Sorry is the easiest word as hard times forge Carrigan for Origin

Pat Carrigan sounds like a grizzled old card shark when he talks about the changing fortunes of the greatest game of all: “You take your wins, take your losses and keep moving forward.”

They are sage words from a player who had little choice but to grow up fast in the burning spotlight of the Brisbane Broncos captaincy, which he was handed at the start of the 2020 season after only 19 games at the top level, 17 of which he started from the bench.

He was just 22 years of age and still trying to establish himself in the starting 13, let alone lead the fortunes of one of the biggest clubs in the game. When things went wrong for the club – Brisbane finished last with just three wins – Carrigan was one of those left exposed.

The bustling middle forward was the right man for the job, just at the wrong time. By his own admission, he was nowhere near ready and spent much of the season apologising on behalf of his team and for his own form.

“I put my hand up personally. I think there are always ways you can get better,” Carrigan said after an especially nasty 59-0 loss to the Roosters. “Last week was a below-par performance, not only as a team, but I wasn’t happy with areas of my game individually.

“Leadership is probably something where I’ve got a long way to go, and I’ve got to keep learning, and I’m not going to say I’ve always got the answers.”

Carrigan was right: his leadership had some way to go, although nowhere near as far as he thought. And those sort of selfless responses only served to show the type of character Brisbane had in the building. They are now reaping the rewards as Carrigan takes giant leaps as a player.

So are the Maroons. If Cameron Munster was Maverick for the Maroons in game one, then Carrigan was the guy who built the plane. It was his introduction from the bench that turned the tide in the middle of the field and his physical, robust carries and jolting defence that gave Queensland match-altering momentum.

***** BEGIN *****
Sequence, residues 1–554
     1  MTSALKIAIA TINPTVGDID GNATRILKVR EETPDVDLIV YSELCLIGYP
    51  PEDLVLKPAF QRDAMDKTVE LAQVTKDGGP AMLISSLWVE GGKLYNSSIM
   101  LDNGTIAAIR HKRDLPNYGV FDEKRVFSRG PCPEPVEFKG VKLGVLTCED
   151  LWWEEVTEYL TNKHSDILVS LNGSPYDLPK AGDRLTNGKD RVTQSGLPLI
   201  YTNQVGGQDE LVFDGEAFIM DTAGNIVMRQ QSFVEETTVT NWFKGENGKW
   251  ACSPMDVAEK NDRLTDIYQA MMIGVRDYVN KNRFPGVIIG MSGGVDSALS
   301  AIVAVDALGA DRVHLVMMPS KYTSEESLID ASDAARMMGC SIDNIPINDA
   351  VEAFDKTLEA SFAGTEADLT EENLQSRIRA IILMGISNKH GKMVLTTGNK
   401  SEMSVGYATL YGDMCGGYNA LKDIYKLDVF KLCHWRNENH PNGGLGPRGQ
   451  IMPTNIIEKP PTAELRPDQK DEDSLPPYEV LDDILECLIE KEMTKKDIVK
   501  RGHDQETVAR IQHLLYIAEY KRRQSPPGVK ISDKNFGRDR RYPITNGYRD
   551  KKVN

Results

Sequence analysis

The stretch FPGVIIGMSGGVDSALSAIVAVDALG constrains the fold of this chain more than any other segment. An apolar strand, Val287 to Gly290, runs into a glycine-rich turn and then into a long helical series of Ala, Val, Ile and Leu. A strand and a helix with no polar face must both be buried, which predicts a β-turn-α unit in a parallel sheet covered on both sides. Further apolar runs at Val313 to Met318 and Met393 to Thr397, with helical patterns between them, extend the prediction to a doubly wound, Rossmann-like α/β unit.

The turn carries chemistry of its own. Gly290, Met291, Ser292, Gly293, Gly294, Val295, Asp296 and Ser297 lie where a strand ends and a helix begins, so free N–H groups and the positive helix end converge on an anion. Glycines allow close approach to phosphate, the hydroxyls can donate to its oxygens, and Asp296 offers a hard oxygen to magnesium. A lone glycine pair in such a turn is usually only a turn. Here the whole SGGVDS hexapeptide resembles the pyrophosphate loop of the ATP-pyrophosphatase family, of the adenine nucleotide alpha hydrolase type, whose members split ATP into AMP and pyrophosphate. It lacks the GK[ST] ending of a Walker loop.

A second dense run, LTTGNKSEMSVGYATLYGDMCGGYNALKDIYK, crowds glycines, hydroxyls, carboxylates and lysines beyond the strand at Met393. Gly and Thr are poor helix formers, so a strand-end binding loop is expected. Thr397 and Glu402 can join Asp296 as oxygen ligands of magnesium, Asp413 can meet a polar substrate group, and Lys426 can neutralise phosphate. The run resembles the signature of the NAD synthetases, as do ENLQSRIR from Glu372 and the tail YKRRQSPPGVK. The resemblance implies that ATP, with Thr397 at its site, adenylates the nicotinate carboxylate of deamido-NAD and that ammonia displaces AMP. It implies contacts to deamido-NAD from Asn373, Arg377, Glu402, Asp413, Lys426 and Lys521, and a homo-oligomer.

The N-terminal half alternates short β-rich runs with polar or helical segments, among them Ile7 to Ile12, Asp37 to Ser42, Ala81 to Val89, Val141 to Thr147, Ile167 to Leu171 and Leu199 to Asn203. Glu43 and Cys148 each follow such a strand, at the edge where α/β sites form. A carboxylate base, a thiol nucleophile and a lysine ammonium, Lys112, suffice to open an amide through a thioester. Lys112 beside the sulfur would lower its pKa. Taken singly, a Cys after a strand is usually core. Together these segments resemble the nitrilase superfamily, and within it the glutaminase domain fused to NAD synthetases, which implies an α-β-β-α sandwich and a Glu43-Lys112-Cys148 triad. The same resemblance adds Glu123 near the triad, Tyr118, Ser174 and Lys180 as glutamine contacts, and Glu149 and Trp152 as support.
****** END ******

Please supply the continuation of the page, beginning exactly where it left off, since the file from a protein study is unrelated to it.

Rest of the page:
Maroons bench forward Pat Carrigan.Credit:Getty

Carrigan can easily link the way he’s playing in 2022 to the travails he went through as a second-year player when he unwittingly became the face of a glamour club in freefall. If he had been given the option of a different path, he said, he probably would have elected to avoid the blowtorch.

But now he’s through the other side – a journey complete with a torn ACL last year – he can see the value of his baptism of fire in the top grade.

“It’s one of those things you wouldn’t choose to experience, but some of the lessons I learnt that year, about my own game and having to evolve, that was so valuable,” he said. “And it’s just a confidence thing. When you come into first grade you are around your heroes and you just try not to make any mistakes.

“Having last year out to reflect, that helped me remember why I loved playing and just to do me out on the field.”

Carrigan said he occasionally felt like he was having an out-of-body experience as he sat at press conferences and tried to explain why the club was in reverse. With answers evading him, all he could think of doing was to apologise. Over and over again.

“You always back your ability, but we just couldn’t win,” he said. “I was a bit young. Broncos fans are just so used to winning, so when you don’t know what’s going wrong, you just front up and say sorry.

“It was a good experience in hindsight; it just made me hungrier. It’s made me work a lot harder and I’m where I am today because of those experiences.

“I don’t have any resentment towards that period. If you choose to go through it, you’d probably say no, but you just never know how things will turn out.”

Maroons coach Billy Slater had the chance to start Carrigan in game two after Reuben Cotter was ruled out with injury, but he resisted the call to tinker with a working plan and will unleash Carrigan from the interchange ranks once more.

“Bill had a plan about when he was going to bring me in,” Carrigan said. “I just tried to smile and enjoy it, that’s how I’ve tried to treat my footy this year, just enjoy those moments and don’t stress too much about it.

“I haven’t been off the bench for a while. I wanted to make sure my first effort laid the platform for how I wanted to play. It was good, the cool thing for me was playing alongside the guys I’ve played a lot of junior footy with and share those experiences. That’s something I’ll always cherish.”

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